A small pilot study in which synbiotics (probiotics, or ‘friendly bacteria’, combined with prebiotics which act as food for the pro-biotics) were fed to patients with ulcerative colitis over four weeks, has proved very encouraging.
At the end of the month’s trial all 18 patients involved had significant improvements in the appearance of chronic inflammation in their colons. Moreover, specific inflammatory chemicals (interleukin 1 alpha for example) had returned to levels found in normal healthy tissue. Further tests on the levels of molecules that encourage inflammation showed that they had also decreased during the treatment period.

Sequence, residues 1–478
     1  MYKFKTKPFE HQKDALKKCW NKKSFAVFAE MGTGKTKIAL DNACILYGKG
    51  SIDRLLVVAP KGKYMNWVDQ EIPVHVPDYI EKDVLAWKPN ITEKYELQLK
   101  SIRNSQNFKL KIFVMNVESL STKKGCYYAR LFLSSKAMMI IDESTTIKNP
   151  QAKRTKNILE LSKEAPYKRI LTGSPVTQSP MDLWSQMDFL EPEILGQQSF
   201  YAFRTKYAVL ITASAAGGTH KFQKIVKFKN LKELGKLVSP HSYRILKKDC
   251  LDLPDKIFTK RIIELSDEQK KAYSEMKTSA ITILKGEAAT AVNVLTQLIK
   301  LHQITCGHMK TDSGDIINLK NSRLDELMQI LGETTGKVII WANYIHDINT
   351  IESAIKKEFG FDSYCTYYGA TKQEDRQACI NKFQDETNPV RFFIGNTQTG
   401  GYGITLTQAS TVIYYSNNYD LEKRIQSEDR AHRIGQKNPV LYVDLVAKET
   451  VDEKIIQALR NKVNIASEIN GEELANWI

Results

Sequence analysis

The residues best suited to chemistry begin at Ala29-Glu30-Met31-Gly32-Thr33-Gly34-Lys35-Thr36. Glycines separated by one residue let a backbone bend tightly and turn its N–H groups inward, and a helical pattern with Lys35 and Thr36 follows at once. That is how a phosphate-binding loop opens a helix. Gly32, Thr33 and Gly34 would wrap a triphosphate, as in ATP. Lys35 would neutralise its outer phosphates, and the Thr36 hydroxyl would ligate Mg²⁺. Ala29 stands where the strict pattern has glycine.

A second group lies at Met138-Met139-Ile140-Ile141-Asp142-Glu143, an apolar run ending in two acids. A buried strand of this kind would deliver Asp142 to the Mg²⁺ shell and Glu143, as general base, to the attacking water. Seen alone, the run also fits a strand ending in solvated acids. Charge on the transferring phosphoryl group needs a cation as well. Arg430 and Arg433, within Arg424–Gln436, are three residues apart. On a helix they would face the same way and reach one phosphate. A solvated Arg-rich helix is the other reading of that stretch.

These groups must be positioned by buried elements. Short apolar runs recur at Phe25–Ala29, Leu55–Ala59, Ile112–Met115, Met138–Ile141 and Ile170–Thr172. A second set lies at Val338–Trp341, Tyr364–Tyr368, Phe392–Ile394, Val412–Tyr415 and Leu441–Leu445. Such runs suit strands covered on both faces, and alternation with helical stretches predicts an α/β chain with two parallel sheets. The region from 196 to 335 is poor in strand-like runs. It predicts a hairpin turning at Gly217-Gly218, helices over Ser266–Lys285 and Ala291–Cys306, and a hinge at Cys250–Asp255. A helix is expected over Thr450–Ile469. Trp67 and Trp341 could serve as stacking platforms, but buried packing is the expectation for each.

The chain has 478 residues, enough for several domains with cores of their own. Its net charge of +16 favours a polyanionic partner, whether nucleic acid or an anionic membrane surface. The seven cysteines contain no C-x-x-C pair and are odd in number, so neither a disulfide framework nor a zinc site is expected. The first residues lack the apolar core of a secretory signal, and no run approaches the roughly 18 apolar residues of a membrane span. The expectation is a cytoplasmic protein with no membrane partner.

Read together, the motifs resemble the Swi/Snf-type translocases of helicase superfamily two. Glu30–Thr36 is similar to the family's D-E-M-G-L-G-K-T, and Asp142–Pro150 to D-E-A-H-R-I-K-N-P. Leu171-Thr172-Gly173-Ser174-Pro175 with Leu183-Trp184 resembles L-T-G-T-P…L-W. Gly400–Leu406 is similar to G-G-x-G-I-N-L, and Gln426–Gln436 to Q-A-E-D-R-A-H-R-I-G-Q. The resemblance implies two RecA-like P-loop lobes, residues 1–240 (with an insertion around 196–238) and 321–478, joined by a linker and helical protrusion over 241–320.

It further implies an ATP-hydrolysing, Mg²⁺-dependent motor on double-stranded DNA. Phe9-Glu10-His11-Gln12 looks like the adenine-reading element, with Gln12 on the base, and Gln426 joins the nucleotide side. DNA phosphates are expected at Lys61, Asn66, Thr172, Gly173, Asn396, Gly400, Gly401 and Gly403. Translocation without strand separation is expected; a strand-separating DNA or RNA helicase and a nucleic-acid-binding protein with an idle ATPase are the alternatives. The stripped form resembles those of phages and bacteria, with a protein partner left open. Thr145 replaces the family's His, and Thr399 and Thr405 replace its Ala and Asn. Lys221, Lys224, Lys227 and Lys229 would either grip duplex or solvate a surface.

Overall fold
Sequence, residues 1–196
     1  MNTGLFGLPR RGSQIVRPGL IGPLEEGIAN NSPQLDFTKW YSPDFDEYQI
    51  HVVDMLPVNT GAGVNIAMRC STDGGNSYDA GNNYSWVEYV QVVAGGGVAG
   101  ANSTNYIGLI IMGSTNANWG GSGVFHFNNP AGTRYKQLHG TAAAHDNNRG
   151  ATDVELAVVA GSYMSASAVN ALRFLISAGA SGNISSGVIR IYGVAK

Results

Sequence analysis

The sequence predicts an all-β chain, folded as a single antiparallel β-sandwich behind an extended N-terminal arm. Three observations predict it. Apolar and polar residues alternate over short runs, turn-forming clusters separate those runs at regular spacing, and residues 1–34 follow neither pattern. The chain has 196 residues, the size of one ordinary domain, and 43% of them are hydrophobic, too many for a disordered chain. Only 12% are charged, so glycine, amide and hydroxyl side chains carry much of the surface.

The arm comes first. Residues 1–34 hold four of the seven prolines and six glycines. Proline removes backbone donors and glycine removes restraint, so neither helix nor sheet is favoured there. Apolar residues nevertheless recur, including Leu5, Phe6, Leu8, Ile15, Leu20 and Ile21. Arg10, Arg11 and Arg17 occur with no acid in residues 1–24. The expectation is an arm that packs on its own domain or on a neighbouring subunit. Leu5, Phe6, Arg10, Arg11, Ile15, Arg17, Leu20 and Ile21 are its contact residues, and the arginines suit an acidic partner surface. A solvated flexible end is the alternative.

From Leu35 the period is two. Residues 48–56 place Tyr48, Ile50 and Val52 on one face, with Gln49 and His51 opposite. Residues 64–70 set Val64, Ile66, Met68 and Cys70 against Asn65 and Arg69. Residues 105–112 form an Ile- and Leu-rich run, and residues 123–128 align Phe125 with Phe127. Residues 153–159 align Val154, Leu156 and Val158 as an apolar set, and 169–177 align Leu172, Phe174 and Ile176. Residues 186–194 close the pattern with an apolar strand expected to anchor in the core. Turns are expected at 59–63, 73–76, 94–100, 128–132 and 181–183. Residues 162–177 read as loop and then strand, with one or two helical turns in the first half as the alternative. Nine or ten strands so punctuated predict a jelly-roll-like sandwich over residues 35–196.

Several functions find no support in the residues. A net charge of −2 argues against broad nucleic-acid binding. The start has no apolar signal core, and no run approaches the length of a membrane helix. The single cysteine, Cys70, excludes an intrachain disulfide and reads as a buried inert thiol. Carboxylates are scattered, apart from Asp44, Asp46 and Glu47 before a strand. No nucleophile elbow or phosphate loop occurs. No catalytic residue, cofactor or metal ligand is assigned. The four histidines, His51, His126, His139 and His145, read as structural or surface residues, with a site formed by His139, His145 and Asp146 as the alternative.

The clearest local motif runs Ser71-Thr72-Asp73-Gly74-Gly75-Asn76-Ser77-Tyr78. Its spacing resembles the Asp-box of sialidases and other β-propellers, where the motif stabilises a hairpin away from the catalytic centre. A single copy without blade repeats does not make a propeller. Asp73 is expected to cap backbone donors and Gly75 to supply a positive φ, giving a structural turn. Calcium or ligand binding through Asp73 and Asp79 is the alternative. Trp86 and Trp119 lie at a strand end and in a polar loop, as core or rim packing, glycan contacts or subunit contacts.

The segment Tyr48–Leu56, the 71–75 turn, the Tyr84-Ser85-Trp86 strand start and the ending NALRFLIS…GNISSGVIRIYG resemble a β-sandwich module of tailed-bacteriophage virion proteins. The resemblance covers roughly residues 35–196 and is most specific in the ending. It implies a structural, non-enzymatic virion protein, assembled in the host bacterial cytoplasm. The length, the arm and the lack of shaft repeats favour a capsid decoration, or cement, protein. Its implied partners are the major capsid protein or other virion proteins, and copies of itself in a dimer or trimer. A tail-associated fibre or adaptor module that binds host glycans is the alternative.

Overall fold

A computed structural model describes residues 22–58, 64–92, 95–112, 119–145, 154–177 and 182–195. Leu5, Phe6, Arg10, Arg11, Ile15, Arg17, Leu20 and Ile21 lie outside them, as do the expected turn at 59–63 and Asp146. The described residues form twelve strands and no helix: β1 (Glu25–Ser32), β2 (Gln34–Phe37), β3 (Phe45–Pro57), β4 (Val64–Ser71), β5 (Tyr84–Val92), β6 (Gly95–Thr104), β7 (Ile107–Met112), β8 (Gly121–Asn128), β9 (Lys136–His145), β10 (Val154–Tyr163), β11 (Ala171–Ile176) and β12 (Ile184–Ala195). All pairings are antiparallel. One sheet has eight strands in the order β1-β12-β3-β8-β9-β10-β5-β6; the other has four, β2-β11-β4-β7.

This suggests the exciting possibility that it may be possible to control gut inflammation by manipulating the bacterial population of the gut.
E Furrie et al. Synbiotic therapy (bifidobacterium longum/Synergy 1) initiates resolution of inflammation in patients with active ulcerative colitis: a randomised controlled pilot trial. Gut, 2005:54:242-249
First Published in September 2005
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